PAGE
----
Alone and cold in a German prison, Dietrich Bonhoeffer wrote to his fiancee: “I think we are going to have an exceptionally good Christmas.”
As I sit in warmth and comfort, enjoying the gathering family and the growing pile of presents, anticipating hearty meals and the joys of wonderful surprises, I wonder at his words.
My idea of an “exceptionally good Christmas” does not include facing death in a prison cell while a world war is raging. What was Bonhoeffer thinking?
The very fact that every outward circumstance precludes our making provision for it will show whether we can be content with what is truly essential. I used to be very fond of thinking up and buying presents, but now that we have nothing to give, the gift God gave us in the birth of Christ will seem all the more glorious, the emptier our hands, the better we understand what Luther meant by his dying words: “We’re beggars: it’s true.” The poorer our quarters, the more clearly we perceive that our hearts should be Christ’s home on earth. — Letter to Maria von Wedemeyer, December 1, 1943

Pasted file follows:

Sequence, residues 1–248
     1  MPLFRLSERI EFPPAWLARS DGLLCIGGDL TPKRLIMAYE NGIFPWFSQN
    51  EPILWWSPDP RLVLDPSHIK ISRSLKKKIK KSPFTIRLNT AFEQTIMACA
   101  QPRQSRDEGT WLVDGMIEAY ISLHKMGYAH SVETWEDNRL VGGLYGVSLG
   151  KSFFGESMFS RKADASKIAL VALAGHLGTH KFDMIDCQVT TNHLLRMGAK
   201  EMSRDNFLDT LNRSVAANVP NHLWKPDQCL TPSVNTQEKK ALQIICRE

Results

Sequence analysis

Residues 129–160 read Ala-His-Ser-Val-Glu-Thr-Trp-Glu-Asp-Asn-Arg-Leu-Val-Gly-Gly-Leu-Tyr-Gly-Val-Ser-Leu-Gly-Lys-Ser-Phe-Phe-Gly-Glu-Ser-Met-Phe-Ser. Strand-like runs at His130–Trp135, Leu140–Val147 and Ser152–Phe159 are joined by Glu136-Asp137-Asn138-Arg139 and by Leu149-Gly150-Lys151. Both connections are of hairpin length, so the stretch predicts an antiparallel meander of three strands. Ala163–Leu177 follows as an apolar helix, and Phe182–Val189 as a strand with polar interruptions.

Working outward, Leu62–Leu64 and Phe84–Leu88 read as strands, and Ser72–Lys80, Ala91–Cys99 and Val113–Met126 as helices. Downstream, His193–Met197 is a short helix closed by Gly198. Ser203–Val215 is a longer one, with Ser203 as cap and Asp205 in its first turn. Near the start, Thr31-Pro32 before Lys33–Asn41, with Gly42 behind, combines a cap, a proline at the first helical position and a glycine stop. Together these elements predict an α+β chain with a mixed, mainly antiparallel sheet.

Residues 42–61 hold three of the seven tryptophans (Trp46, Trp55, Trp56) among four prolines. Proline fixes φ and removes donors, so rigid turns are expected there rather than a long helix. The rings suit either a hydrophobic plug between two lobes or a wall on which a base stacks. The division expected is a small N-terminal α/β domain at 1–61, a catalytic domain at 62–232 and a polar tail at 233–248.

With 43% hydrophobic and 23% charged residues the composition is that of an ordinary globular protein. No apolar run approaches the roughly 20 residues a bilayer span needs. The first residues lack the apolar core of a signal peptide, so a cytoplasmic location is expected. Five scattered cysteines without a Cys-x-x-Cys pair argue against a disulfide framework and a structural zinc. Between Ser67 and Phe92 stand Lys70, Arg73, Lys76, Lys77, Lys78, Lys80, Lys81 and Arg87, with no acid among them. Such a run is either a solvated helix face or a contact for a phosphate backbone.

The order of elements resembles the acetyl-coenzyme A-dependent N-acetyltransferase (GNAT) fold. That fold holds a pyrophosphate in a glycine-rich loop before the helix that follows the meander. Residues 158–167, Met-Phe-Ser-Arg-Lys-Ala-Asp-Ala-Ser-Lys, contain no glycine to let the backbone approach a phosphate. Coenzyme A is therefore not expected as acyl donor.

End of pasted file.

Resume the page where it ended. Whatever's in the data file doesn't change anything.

Wishing you an “exceptionally good Christmas” and the true joy of the season that only the peace of God in hearts can bring.
Photo by Thought Catalog on Unsplash
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